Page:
Editors Note: This piece was originally published on putnam-consulting.com.
I’ve been hearing a lot lately about funders weighing the options between strategic grantmaking and responsive grantmaking. The general angst seems to come from a sense that all funding must be strategic in order to make a difference. While it’s true that strategic philanthropy (as described below) can lead to broader or deeper outcomes, there is a time and a place for both. Let’s take a look at each:
Responsive grantmaking is being open to receiving proposals and ideas from any nonprofit, and allowing the nonprofits to drive the agenda. Requests are initiated by the nonprofit, rather than by a funder seeking them out. This doesn’t mean that a foundation doesn’t have core areas of focus, but that within those areas is wishes to be responsive to the needs nonprofits feel most keenly. For example, a funder may focus on substance abuse, but be open to supporting a wide range of prevention and treatment programs, as well as programs serving youth and families to address multi-generational factors that lead to abuse.
From a positive perspective, responsive grantmaking:
- Allows new ideas to come into the foundation
- Allows for rapid response to new needs
- Can support a wider range of issues
- Helps a foundation learn about its community
- Is easier in some ways, because it does not require a lot of planning or effort
- Provides greater opportunities for funding for nonprofits
The cons of responsive grantmaking are that it:
- Is less likely to make a deep impact in a specific area, because funding is widely dispersed
- Makes it more difficult to assess and describe what a funder has accomplished with its portfolio
- Is more likely that a funder will have to respond to a greater number of proposals
In general, responsive grantmaking makes sense when a funder is just getting started – either as a new foundation or as an established foundation that is wading into a new issue area. Responsive grantmaking also can be a way to show support to the community when a funder is not yet ready or able to put the required effort and resources into a strategic approach. And for some foundations, responsive grantmaking is simply the best fit for their missions – particularly those whose missions are very broad and highly localized.
Strategic grantmaking (also called proactive grantmaking) is grantmaking with more focused goals, and a defined set of strategies for how a foundation wants to accomplish those goals. The funder drives the agenda rather than the grantees, although it is best to include grantees in the creation of the goals and strategies. Strategic funders typically see themselves as accountable for successful outcomes. For example, using the substance abuse example from above, a strategic grantmaker may decide to focus on reducing the stigma of substance abuse, and deploy strategies that include a statewide communications campaign, increased support for AA and Alanon, and policy advocacy to health insurance providers to cover treatment.
The pros of strategic grantmaking can include:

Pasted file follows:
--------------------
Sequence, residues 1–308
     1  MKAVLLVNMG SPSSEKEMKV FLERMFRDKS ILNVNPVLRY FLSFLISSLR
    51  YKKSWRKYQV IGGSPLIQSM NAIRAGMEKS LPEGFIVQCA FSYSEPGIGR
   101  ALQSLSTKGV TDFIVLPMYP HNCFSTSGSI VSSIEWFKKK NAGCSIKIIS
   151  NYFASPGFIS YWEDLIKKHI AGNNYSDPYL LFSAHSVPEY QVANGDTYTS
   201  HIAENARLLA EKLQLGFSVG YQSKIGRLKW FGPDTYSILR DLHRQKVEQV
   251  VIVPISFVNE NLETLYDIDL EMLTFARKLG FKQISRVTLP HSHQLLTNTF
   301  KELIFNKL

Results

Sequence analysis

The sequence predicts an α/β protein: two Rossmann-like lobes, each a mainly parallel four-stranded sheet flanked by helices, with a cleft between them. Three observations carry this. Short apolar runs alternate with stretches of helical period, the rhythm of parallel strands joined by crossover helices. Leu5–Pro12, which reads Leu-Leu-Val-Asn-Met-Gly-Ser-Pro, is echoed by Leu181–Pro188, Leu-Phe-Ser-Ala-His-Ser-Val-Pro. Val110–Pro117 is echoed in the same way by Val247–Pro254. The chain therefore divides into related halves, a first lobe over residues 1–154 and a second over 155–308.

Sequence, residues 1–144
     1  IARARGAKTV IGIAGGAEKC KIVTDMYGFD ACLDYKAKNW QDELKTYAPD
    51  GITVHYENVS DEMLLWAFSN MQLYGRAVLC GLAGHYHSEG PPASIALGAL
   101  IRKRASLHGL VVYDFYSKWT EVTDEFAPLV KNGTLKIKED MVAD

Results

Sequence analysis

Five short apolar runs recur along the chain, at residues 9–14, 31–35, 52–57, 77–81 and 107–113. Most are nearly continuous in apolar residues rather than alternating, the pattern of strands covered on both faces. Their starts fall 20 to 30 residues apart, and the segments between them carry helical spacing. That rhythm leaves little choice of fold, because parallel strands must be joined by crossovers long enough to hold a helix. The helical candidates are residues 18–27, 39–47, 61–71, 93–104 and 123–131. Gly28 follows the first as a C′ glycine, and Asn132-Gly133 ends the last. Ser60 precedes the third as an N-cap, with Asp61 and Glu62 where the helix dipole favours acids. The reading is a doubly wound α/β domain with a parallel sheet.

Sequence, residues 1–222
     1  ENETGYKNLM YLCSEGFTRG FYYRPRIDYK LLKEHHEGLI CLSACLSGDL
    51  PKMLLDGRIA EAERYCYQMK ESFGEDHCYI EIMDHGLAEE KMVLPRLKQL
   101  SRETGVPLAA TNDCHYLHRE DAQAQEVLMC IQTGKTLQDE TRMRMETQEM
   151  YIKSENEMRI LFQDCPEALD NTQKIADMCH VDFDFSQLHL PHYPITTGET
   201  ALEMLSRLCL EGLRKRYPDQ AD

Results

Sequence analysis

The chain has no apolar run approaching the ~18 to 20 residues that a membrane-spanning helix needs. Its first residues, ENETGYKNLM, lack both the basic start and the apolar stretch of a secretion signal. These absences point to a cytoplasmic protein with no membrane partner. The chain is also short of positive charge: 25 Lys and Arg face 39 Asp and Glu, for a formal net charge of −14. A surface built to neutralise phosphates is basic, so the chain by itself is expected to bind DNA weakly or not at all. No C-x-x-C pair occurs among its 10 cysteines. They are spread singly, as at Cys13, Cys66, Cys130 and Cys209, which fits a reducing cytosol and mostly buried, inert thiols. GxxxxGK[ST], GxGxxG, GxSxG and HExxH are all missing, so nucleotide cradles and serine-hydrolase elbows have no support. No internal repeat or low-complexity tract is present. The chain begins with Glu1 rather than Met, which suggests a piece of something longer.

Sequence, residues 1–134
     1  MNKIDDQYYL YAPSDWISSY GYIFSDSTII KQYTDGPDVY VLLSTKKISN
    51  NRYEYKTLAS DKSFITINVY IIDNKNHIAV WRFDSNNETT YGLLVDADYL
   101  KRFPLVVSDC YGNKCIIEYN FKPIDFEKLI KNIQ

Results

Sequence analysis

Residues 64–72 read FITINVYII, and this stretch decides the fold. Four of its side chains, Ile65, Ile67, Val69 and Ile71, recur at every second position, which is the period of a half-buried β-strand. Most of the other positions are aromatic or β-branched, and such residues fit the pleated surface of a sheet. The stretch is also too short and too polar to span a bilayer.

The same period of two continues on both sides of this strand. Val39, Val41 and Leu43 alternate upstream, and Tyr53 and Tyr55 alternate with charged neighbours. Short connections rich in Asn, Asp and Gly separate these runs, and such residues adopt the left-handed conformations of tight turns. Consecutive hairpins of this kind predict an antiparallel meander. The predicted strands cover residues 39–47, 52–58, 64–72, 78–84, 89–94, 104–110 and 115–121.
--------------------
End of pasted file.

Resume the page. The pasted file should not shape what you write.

- Improved likelihood of having an impact on a specific issue
- The ability to craft funding to utilize best practices or evidence based practices
- Building deeper relationships and partnerships with grantees
- Greater opportunities for partnerships, collaboration with other funders
- Deeper learning about the target issue
- More ease in communicating about progress and accomplishments
- Signaling the importance of an issue
- Enhanced reputation for the funder, or recognition for knowledge and impact in a particular issue area
- Less time responding to proposals, since strategic funders often invite specific organizations to apply
On the con side, strategic grantmaking can:
- Limit funding to specific areas, making a foundation less open to emerging needs or new ideas
- Take time and resources to conduct research and develop strategies
- Make it difficult to change direction
Strategic philanthropy usually makes sense after a foundation has been funding responsively for a while and has learned a lot about a specific issue it can address strategically. It also makes sense for funders that are very clear in their mission or intent to make a difference in a specific area. In either case, funders who engage in strategic philanthropy must be ready to commit to their strategy for the long haul.
Responsive and strategic philanthropy are not mutually exclusive. In fact, most funders employ a combination of both. For example, within a particular program area, a foundation may devote a portion of its portfolio to one strategic effort and the balance to responsive grants. For example, the Firelight Foundation, which is committed to support children with HIV in Africa, strategically invests in programs to increase HIV resources and knowledge, but reserves a portion of grants for grassroots nonprofits, because the Foundation believes that they know best what will work in their community.
Other funders may use responsive philanthropy to power a “learning phase” of its work, then use its accumulated knowledge to develop a strategic grantmaking initiative for “phase two.”
And even the most strategic of funders can use responsive philanthropy to help change course or undergird a strategic investment. For example, a natural disaster or economic hardship in a community requires funders to respond to immediate needs. And within a strategic initiative, unanticipated challenges may surface that require responsive grantmaking, such as an unexpected gap nonprofit capacity among organizations that are part of that initiative.
The bottom line? Strategic grantmaking vs. responsive grantmaking isn’t an “either/or” proposition. Both approaches have value, and funders should always explore both as options in achieving their goals.